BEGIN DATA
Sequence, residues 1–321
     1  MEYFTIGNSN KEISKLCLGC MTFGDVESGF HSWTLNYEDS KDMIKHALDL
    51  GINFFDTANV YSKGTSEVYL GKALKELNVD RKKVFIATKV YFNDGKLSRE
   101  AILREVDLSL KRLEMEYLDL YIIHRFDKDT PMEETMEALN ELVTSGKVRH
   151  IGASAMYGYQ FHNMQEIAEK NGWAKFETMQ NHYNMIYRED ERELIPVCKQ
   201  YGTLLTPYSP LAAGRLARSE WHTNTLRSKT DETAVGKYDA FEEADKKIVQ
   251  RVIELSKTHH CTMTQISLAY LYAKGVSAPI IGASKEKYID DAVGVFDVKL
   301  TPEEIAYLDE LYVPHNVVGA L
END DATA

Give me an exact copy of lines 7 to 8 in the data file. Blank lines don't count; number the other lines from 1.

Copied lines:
   251  RVIELSKTHH CTMTQISLAY LYAKGVSAPI IGASKEKYID DAVGVFDVKL
   301  TPEEIAYLDE LYVPHNVVGA L